Our plan was to walk up to The Pinnacle. We were thinking of doing the easiest walk, from Sundial Carpark – which involved driving around to the other side of the mountains. However by the time we met up with Tony and Caitlin (who really enjoyed their bike ride into town) and used the flush toilets at the park (Millie and LiAM are not a fan of drop toilets), and got jackets and food and sunscreen organised, no one wanted to get back in the car, so we decided to walk from where we were. The signage at the Halls Gap carpark wasn’t very clear on the difficulties and length of the walks from there to The Pinnacle, so we decided to do the shortest one once we found some signposts at a junction along the track. We realised later that we’d taken the most difficult track! The track led up along the cliff face for most of the way – there were a few bits of walking over rocks that felt a bit scary, but for most of it the track felt safe – there were just A LOT of steps. Hundreds and hundreds and it was hard work. We stopped for rests very regularly, and had a big snack about halfway up, and kept plodding along. The view back down to the town was impressive, as was the view at times across the valley on the other side. About ¾ of the way up we realised we’d left the car unlocked – with the iPad in plain view, and all of our other devices in the car too. I started to worry about it, then figured it was at least a couple of hours til I could get back there, so there was nothing I could do about it at this stage, and I would hope for the best. I managed to not worry at all except during the really hard bits of the track when everything seemed disastrous…. For the last 10 minutes or so of the upward climb on the track I was wishing I hadn’t suggested this walk, and thinking that everyone would be angry at me for dragging them up there – once we came out of the woods and were walking over bare rocks and the top seemed close, I felt much better and everyone got excited again. We reached the top and walked out to the lookout – Caitlin had been worried by the pictures of it and was scared it would be too close to the edge, the fences wouldn’t be sturdy enough etc, but was reassured when we got there and saw the very solid fence. As we got closer though there were edges without fences and even going out onto the lookout was pretty scary for Caitlin and I – I’m not good with heights in general, and Caitlin is OK if it feels secure and she wasn’t completely convinced about this place. Having the kids out there, and all our cameras, added to my fear quite a bit and I was a bit over protective out there, making everyone stay away from the edges especially when they were taking photos. (I have a massive fear of things being dropped over the edge). In between my panic though I could see that the view was spectacular and it was an impressive feat for us to have climbed all the way up there.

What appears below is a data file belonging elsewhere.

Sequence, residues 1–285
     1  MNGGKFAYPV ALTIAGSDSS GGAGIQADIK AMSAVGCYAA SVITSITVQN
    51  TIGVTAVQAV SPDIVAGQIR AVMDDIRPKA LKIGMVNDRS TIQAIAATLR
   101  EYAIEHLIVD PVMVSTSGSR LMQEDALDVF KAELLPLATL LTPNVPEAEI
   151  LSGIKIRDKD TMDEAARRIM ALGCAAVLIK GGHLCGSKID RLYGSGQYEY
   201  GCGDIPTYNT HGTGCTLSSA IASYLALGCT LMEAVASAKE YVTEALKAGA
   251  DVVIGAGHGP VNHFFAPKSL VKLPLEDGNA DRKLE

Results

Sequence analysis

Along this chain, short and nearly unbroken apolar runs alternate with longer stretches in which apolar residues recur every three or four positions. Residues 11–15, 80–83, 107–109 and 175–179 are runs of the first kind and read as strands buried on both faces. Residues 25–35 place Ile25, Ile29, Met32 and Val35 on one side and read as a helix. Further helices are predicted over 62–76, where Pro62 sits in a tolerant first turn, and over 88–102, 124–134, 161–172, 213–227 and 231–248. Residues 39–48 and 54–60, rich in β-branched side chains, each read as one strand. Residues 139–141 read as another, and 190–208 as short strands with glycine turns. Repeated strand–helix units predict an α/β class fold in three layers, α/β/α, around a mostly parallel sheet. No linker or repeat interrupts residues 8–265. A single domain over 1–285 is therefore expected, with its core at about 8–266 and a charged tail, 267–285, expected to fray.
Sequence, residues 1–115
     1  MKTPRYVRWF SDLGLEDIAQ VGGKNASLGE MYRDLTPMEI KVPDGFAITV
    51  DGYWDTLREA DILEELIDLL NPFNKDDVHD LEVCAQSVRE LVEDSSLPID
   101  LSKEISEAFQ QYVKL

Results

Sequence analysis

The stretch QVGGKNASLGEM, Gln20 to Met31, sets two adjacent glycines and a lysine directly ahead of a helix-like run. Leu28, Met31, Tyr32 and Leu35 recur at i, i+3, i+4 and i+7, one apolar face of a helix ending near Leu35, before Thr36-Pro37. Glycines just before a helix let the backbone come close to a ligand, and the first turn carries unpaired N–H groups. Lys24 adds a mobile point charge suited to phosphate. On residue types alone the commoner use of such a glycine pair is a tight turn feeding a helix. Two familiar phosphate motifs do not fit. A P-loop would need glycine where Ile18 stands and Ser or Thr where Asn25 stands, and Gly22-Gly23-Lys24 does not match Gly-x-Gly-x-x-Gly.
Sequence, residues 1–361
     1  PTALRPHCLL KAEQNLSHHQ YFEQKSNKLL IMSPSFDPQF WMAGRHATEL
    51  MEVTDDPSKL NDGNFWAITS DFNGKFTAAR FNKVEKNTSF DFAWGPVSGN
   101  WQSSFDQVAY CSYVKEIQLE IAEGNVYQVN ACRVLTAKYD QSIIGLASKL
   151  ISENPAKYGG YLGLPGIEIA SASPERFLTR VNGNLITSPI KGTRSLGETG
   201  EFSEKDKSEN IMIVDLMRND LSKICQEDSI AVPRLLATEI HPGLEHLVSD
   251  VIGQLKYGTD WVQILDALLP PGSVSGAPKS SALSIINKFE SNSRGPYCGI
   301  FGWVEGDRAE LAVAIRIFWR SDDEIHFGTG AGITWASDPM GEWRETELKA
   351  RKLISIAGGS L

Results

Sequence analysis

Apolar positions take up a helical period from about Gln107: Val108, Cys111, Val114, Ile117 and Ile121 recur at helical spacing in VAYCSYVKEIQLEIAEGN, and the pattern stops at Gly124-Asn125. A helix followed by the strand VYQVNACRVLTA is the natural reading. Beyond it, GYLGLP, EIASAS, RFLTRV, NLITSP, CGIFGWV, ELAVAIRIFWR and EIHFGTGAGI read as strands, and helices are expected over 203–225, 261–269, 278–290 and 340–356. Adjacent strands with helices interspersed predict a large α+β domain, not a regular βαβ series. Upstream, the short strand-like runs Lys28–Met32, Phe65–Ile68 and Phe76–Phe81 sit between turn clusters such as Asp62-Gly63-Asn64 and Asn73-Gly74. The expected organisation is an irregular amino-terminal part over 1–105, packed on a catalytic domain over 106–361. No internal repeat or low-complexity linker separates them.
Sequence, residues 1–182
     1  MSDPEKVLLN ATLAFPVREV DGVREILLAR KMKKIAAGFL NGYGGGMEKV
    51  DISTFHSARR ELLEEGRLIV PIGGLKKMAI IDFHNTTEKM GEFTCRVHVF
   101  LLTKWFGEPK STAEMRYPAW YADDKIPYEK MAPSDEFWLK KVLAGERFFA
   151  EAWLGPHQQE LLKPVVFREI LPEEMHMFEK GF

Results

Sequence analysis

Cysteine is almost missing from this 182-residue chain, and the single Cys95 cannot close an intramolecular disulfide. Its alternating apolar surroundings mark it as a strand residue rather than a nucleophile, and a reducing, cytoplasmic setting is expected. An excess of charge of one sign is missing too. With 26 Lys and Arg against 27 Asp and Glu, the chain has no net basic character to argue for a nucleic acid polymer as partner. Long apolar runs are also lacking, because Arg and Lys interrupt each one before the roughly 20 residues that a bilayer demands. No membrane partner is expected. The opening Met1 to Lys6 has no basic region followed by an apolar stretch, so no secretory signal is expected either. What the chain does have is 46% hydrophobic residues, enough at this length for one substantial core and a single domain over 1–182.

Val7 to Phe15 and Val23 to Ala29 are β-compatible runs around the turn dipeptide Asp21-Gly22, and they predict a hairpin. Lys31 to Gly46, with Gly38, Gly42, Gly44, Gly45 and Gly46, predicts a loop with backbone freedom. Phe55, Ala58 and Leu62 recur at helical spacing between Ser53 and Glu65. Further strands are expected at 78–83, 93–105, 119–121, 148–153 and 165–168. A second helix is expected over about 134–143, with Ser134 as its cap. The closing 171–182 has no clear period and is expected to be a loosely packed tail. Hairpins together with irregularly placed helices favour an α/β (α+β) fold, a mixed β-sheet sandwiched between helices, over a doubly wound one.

|One of the scary bits|